‘Our Shot’: Everything to know about the short film
Our Shot is not your typical short film. Rather than tell a compressed narrative or tell a humorous anecdote, director Sage Drake offers an abstract meditation on humanity and the ways in which we can help each other through difficult times. The film is comprised of photos from around the world as people from various cultures and walks of life deal with the fallout of COVID-19.
Our Shot has a female narrator (Rachel Amanda Bryant) recount an experience she had as a child. She said her mother took her to see a documentary about Mother Theresa so she could see the extent of the human condition. The narrator recalls feeling both cheer and sadness as she realized that children her own age suffered, and were forced to deal with strife that she could scarcely imagine.
The narrator goes on to say that she realized how beautiful the world was that day, and that we as human beings are responsible for what we put into it. The photos that appear during her recollection include empty store aisles, customers buying out large masses of toilet paper, and masked denizens crying. The choice to shoot them in black-and-white gives the narrator’s message a more timeless feel.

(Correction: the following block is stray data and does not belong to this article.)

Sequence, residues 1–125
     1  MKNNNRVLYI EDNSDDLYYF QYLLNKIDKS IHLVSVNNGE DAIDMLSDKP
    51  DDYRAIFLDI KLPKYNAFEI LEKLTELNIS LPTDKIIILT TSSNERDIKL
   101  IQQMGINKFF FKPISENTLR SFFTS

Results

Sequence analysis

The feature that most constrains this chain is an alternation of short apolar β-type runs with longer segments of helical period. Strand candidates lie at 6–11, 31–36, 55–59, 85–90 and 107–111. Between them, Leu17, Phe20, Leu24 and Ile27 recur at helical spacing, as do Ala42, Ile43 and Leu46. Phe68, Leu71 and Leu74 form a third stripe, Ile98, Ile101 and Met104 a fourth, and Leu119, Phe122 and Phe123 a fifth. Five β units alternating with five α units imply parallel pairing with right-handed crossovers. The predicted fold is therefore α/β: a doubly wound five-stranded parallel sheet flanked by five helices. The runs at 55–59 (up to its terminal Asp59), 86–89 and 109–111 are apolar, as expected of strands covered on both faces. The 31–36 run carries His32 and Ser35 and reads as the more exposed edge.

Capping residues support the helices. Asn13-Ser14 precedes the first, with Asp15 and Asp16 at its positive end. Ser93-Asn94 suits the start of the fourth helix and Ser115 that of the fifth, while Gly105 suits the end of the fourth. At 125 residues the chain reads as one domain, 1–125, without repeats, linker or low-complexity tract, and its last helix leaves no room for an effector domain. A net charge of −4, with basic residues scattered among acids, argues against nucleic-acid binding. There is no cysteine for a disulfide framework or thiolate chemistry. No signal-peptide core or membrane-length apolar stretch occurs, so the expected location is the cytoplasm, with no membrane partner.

Sage Drake’s visual choices perfectly mesh with the narrator’s powerful words. The flow of images underscore the narrator’s sentiments without being overt, and the pacing of the edits are concise without feeling rushed or over stylized. Drake recognizes the scope of the message he’s trying to communicate, and he doesn’t try to do much in terms of presentation. He lets the universality shine through on its own.
Our Shot opens with a poem by William Shakespeare that neatly plays into the overall theme. I won’t quote the entire poem here, but the last section is particularly useful to the director’s aesthetic:
“But from thine eyes my knowledge I derive, constant stars I read in them such art, as truth and beauty together shall together thrive, If from thyself to store thou wouldst convert; or else of thee this I prognosticate; thy end is truth’s and beauty’s doom and date”.
The poem articulates both the sense of sadness one might feel from the overwhelming nature of the world, particularly in 2020, but it also highlights the notion that humans have the necessary strength to overcome. The poem sounds notably similar in tone to Drake’s directorial statement regarding the film: “I think we all need to lighten up and take a better look at ourselves. Life is a gift & it’s the only gift that will be with us until we’re all gone.”
Drake is no stranger to profundity on film. He studied under film instructor Jay Rosenblatt at the College of San Mateo, and has made 23 short films to date. His films have been selected in over 100 film festivals, including Long Island International Film Expo (three times), Another Hole in the Head, and San Francisco Frozen Film Festival.
The constantly striving director has also taken home a whopping 31 awards. In addition to his directing career, Drake works as a freelance photographer and videographer in the San Francisco area.